If you are married or in a civil partnership you might be entitled to a tax break of £1,149 called the Marriage Allowance. This allowance is not available if you simply live together.

The Marriage Allowance lets you transfer 10% of your Personal Allowance to your spouse/civil partner.

The conditions to make a claim are:

  • the lower earner must have income below the Personal Allowance (£12,500 for 2019/20) and
  • their spouse/civil partner must be a basic rate tax payer (between £12,501 and £50,000 for 20197/20).

The claim can be backdated to 2015/16 so if you and your spouse/civil partner were eligible you could claim:

2015/16         £212.00
2016/17         £220.00
2017/18         £230.00
2018/19         £237.00
2019/20         £250.00
     £1,149.00


How do I apply

The lower earner can apply for the Marriage Allowance online (www.gov.uk/apply-marriage-allowance) or by calling HMRC on 0300 200 3300.

If you or your partner were born before 6 April 1935, you might be better off applying for the Married Couple’s Allowance instead (www.gov.uk/married-couples-allowance).

How will I get the tax back?

HMRC will give the higher earning partner their extra allowance by:

  • changing their tax code or
  • when they submit their Self-Assessment tax return if they are self-employed.

If the tax code is changed it can take up to 2 months for the claim to be processed. Your new tax code will end with ‘N’.

You will be sent any backdated allowance as a cheque.

Do I need to apply each year?

Your Personal Allowance will automatically transfer each year until you cancel the Marriage Allowance.

When does the Marriage Allowance stop?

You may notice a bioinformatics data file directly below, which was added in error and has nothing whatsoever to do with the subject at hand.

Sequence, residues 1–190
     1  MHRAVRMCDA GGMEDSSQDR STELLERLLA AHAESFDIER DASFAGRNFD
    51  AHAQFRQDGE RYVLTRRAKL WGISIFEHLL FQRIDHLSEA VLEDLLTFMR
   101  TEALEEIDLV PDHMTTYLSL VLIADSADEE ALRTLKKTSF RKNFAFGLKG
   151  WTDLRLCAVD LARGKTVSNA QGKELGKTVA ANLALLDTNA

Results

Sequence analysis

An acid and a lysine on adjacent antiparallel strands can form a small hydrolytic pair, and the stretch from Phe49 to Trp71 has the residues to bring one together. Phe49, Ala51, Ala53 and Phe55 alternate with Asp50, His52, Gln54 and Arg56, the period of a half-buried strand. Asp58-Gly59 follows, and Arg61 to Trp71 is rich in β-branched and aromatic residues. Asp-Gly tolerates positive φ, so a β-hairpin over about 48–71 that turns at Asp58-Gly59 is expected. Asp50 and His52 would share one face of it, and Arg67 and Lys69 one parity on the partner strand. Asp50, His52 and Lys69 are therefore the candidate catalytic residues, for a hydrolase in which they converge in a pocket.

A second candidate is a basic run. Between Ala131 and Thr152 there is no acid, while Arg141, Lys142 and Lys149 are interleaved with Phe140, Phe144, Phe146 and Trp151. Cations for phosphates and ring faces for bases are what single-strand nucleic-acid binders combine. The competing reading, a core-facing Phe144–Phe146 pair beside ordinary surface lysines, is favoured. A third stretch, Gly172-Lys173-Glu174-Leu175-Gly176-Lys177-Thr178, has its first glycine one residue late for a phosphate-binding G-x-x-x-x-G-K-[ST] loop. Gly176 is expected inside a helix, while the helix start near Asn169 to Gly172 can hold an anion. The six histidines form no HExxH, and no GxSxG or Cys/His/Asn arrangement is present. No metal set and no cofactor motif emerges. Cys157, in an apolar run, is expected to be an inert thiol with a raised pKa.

You need to notify HMRC if one of the following happens:

  • you get divorced or dissolve your civil partnership
  • the lower earner earns more than the personal allowance in a tax year
  • the higher earner becomes a higher rate tax payer

If the lower earner asks HMRC to stop transferring the allowance to their partner, it will run until the end of the tax year (5 April).

If the higher earner asks to stop receiving the allowance, HMRC will backdate the change to the start of the tax year.

What happens if my partner dies?

If your partner dies after you have transferred some of your Personal Allowance to them, the estate will be treated as having the increased Personal Allowance and your Personal Allowance will go back to normal.

If your partner transferred some of their Personal Allowance to you before they died your Personal Allowance will remain at the higher level until the end of the tax year and their estate will be treated as having the smaller amount.

Can I apply if my partner has died?

A new rule was introduced in November 2017 which means that widows or widowers can claim up to £1,149 in backdated marriage allowance.

If you meet the criteria, you will be eligible for a payment in any tax year in which both of you were alive.

You cannot apply online for this and would need to call HMRC on 0300 200 3300.

 

Links:

HMRC guidance

How to apply

 

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